1969   Daily Tel. 21 Apr. 17/7   No hard boundaries exist to separate jazz singers from run-of-the-mill night club performers.
2008   Review (Rio Tinto) Mar. 7/3   While its most dramatic uses include replacement joints, surgical instruments and heart stints, it has many more run of the mill applications.



Saturday, August 20, 2016

It's Just Weird ... Falling Out of Love with ...



... sports. I don't really know how it happened--I know only that I didn't will it to happen. But happen it did. And few things have surprised me more.

Those who have known me for a long time know of my quondam passion for sports--for playing, watching, listening, reading about (in the newspapers). One of the great thrills in my life was seeing my name for the first time on the sports page of the Kent-Ravenna Record Courier, which, by the way, often misspelled my name. I was Donny Dyer and Danny Dwyer and other versions. But I didn't care that much. We had an ongoing joke on our Hiram High School basketball team: If you score even one point, you get your name in the paper. A thrill no matter how many numbers follow!

When we moved to Hiram, Ohio, in summer of 1956 (I was about to turn 12), it didn't take long for me to fall in love with the Cleveland Browns. They held their summer training camp at Hiram College, and I saw Jim Brown and Lou Groza and Paul Warfield and many others over the years. I even played ping-pong with RB Ernie Green (and I lost very quickly). I watched them faithfully (obsessively?) until they released QB Bernie Kosar. I lost interest, haven't watched any football games in probably a decade.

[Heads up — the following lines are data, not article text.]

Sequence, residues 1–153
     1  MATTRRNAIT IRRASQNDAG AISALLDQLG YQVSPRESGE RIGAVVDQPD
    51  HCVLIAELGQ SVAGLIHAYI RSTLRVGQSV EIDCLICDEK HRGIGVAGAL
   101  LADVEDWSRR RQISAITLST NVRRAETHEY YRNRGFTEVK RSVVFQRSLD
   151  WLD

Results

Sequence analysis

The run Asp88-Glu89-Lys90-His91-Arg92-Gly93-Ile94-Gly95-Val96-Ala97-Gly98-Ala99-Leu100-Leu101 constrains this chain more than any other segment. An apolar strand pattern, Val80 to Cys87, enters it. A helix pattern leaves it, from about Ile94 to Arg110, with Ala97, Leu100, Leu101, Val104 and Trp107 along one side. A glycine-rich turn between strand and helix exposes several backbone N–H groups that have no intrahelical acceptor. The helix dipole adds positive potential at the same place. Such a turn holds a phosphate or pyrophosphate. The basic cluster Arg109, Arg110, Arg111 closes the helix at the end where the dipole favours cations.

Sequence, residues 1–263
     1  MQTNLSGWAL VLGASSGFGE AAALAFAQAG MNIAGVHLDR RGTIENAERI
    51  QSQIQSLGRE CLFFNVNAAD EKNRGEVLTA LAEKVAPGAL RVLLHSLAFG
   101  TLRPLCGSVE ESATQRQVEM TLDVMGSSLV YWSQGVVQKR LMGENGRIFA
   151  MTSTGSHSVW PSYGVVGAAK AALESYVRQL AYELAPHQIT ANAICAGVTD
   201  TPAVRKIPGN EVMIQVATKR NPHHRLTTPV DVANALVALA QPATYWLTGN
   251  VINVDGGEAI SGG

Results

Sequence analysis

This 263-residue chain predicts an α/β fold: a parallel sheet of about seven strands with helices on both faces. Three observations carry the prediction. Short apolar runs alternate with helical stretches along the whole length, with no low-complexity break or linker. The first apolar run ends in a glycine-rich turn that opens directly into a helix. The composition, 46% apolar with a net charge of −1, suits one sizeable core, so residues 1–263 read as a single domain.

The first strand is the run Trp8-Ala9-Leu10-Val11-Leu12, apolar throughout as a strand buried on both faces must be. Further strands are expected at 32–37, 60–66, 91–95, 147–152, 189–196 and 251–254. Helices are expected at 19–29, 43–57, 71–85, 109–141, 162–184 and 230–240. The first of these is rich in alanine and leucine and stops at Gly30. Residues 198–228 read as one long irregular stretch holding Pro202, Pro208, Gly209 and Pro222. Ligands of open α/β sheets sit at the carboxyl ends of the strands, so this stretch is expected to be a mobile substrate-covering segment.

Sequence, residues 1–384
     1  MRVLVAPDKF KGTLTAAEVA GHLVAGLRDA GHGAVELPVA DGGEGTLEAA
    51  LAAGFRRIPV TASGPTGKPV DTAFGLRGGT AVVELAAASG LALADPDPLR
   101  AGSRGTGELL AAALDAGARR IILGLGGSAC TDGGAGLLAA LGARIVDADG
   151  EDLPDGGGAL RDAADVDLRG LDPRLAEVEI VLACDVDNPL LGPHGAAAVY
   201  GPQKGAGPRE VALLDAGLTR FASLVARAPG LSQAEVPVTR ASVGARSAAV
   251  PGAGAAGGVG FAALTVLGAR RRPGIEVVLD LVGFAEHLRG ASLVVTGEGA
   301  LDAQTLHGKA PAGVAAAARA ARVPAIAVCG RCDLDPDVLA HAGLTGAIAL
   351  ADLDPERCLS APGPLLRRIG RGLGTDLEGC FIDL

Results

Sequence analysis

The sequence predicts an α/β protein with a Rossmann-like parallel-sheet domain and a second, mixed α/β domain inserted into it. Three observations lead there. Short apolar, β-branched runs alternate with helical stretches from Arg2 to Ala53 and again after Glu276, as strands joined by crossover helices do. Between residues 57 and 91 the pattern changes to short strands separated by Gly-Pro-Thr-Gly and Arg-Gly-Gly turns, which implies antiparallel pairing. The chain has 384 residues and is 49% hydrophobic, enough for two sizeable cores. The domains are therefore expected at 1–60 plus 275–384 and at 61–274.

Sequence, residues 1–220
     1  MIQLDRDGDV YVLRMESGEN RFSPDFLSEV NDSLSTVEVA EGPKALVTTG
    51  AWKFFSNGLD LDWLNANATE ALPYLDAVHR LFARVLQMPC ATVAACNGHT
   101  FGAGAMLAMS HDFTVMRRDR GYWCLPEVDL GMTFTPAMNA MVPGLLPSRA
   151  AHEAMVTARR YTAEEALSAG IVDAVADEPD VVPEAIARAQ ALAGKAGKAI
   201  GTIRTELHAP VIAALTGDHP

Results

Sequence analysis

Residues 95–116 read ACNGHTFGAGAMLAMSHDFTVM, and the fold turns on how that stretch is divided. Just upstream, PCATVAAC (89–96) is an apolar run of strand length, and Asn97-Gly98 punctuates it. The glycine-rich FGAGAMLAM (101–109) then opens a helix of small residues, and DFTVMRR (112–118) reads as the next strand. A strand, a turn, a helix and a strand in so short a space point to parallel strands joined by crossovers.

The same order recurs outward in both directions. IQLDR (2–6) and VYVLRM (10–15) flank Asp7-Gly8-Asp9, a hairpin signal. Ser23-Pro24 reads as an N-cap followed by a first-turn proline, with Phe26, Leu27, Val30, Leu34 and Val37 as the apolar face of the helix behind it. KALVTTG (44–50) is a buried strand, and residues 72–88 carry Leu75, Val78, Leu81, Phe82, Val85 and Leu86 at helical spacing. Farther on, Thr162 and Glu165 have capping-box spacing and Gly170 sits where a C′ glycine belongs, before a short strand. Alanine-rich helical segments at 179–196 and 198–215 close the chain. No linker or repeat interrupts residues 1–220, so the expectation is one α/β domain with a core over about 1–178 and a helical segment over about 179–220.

In high school I played basketball and baseball. In college I was on the tennis team--and I played tennis afterwards for years at a nearby racket club.

Haven't played tennis in probably twenty years--maybe longer.

It took me a little longer to fall for the Indians. They had a very bad record throughout my youth, and I'd come to Ohio a Yankees fan. But that eventually changed, and I became a big Tribe fan--listening in bed to broadcasts from the West Coast, going to many games--later, watching virtually all of them (often reading something while doing so).

But I haven't watched a Tribe game in five years or so. Or listened. I couldn't name more than a player or two.

The Cavs came along later, too (they were an expansion team), but I was obsessive about them in their near-misses in those years with Mark Price, et al. Price hailed from my hometown of Enid, Okla.; I once saw him in a local grocery store, and we talked amiably about Enid--I was shocked that he was hardly taller than I; I'm 5'8".

I haven't watched a Cavs' game in five or six years. Didn't watch any of the recent playoffs.

I no longer read the sports pages at all.

So what happened?